Loss Prevention Committee Meeting September 2016

“Human Factors and Organisational Learning”

Norwegian Hull Club`s Loss Prevention Committee (LPC) had its sixth meeting in September 2016. The committee, established at the request of Norwegian Hull Club’s Board, gathers twice a year to share experiences in loss prevention related issues.

The September meeting’s agenda was “Human Factors and Organisational Learning”.

Casper Meland from Marine Benefits, introduced their program and some of the findings from a questionnaire to seafarers related to health and life style issues. This survey showed that 70% of all illnesses for seafarers are related to lifestyle, and concluded that a higher focus on health and lifestyle on board the ships, results in a safer operation and a lower loss ratio.

Further, Prof. Ståle Pallesen (Bergen University) presented the results of his research work on working / rest hours and sleep and fatigue. He pointed to the negative health effects of long term sleep deprivation and performance efficiency during night time versus day time. Many well-known accidents occurred during night work, when the subject’s level of alertness is lower.

On day two of the meeting, Dr. Organisational Psychologist Helen von Hirsch Maclean held her presentation: “How to drive change & implement the learnings”. From her presentation we learned that the three barriers for organisational changes are Structure, Competence and Culture; and all three must be in place to obtain a lasting change in the organisation. She also highlighted well known factors such as time pressure; changes in operations; non-compliance; lack of leadership involvement; and insufficient risk awareness as main root causes of accidents.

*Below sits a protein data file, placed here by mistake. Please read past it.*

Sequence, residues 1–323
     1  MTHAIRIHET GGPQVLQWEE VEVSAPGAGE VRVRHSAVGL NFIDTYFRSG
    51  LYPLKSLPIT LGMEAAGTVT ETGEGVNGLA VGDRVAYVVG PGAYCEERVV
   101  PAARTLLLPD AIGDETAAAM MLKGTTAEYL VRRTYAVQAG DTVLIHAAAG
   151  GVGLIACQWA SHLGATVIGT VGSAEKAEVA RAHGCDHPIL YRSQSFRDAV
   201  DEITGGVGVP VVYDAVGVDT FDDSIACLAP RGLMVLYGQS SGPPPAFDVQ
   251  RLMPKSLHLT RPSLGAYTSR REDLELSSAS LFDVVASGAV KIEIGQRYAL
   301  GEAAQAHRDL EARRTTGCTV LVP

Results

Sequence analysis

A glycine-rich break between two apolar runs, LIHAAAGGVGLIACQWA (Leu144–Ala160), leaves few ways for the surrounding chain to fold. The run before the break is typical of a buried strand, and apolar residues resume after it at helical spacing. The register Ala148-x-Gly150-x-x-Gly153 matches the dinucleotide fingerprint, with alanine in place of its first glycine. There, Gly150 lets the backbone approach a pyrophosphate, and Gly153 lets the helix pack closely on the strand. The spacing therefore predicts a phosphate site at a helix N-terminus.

For the final session of the meeting, three of the committee members shared their experience and the lessons learned from recent incidents in their companies:

BW Offshore on the explosion incident on the FPSO “Cidade De Sao Mateus”; Gearbulk on the loss of the bulk carrier “Bulk Jupiter” in the South China Sea; and Hoegh on the listing, flooding and grounding of “Hoegh Osaka” in the UK.

The case studies were followed by group discussions amongst the LPC members regarding how relevant these problems might be for their own organisation, and if the incident could have also happened in their company.

Combining the scientific approach learned from Helen’s presentation and real life experience from other committee members, gives a foundation to participants to implement learnings and improve safety culture in their respective organisations.

The next committee meeting will be held in February 2017.

Questions regarding the committee and its work, can be directed to our Loss Prevention team

5. Dec. 2016